Being host to a witness

How to meet a witness, depends on what the witness is witness to. If it's to the destruction of their own family, or the murder of all their closest friends, you approach the witness very differently than when it is a chemical engineer talking about a fraudulent misrepresentation of a product he or she may have worked on. The professional difficulty is to sustain scepticsim towards your witness testimony in ordet o be able to be certain of the facts. The most dangerous circomstance for an investigator is to discover that the evidence upon whic his story is based, is flood, incomplete or misrepresents the reality.

The latter is a clinical informational attempt to secure the information and the other is a more emotionally sympathetic attempt to find the information. But fundamentally, the goal is to secure the most accurate description possible, of what they witnessed. This also counts in a situation where a witness reveals stories that the investigative journalist does not like because of his own principles.

Often an investigative journalist has to convince the witness that their testimony is in the public interest and that this is served by disclosure. It may be painful and dangerous for the witness to come forward and tell people what the truth is. The investigative journalist has to be alert to the difficulties the witness is going to face. “I made films in countries where if they were identified in talking to me - I had hidden their identity, but if they were identified - they would be killed. And I'm not going to have that responsibility if I can in any way avoid it. I cannot imagine a situation were I would want to extract information from somebody which will result in them being killed. The object is to stop the killers.”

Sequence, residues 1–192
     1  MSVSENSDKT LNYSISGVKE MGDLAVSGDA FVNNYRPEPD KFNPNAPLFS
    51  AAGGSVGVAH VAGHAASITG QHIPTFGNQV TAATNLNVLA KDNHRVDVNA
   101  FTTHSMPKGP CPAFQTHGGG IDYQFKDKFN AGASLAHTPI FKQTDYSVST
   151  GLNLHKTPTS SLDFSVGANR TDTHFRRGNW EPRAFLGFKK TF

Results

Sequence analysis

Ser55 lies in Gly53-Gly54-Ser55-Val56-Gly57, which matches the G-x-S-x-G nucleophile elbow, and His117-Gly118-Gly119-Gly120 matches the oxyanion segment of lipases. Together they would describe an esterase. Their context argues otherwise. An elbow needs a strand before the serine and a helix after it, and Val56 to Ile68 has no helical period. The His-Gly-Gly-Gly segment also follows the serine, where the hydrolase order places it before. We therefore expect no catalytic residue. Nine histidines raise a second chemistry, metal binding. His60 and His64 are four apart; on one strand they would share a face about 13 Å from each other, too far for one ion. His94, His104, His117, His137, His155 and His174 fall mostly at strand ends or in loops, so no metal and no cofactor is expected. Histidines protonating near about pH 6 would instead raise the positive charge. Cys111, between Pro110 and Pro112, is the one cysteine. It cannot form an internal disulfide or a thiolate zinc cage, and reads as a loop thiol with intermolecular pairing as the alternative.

Another kind of witness that needs the special attention and care of the investigative journalist, are whistleblowers. Whistleblowers are subjected to the worst prosecution, according to MacFadyen’s experience. People, organizations and businesses in which they were a part, often feel betrayed. As result the whistleblower is treated as an outcast and is criminalized him or herself. Often it is a very powerful testimony because the whistleblower has considered the consequences and has come to the conclusion that not speaking up is a worse crime then not doing so despite the risks.
Emotions are not interesting for an investigative journalist. He/she needs facts. The emotions with which people communicate what they say are an important reflection of how they perceive that evidence, but it is not the evidence itself. As human beings the investigative journalist can be sympathetic to the fact that the witness had a bad morning or had major fight at home or is scared to talk. Professionally what matters is what the witness is saying. “On a human level I care that he's had a bad morning, but I really do want to know whether he saw the factory manager ignore the warning and whether he saw the red light or not. That makes it easier to establish whether the manager is culpable for an industrial accident or not”.
The role of emotion is to provide the power of the narrative.